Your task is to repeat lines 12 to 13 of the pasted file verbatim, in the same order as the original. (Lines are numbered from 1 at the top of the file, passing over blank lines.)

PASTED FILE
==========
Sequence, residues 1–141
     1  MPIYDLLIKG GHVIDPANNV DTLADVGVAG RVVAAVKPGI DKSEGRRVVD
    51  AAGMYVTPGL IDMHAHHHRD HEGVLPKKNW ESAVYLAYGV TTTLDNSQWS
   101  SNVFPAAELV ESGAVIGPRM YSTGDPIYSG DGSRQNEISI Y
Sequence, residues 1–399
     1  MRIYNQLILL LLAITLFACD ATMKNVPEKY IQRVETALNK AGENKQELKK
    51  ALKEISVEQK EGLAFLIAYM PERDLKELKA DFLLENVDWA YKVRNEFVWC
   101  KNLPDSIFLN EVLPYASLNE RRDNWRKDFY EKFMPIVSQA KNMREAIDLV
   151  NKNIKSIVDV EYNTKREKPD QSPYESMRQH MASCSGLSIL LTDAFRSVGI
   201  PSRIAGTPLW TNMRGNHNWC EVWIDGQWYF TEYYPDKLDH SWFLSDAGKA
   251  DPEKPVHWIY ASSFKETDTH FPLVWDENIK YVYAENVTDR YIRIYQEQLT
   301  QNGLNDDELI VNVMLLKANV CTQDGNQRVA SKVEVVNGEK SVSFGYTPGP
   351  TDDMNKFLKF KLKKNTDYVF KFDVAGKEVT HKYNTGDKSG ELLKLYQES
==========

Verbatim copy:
   301  QNGLNDDELI VNVMLLKANV CTQDGNQRVA SKVEVVNGEK SVSFGYTPGP
   351  TDDMNKFLKF KLKKNTDYVF KFDVAGKEVT HKYNTGDKSG ELLKLYQES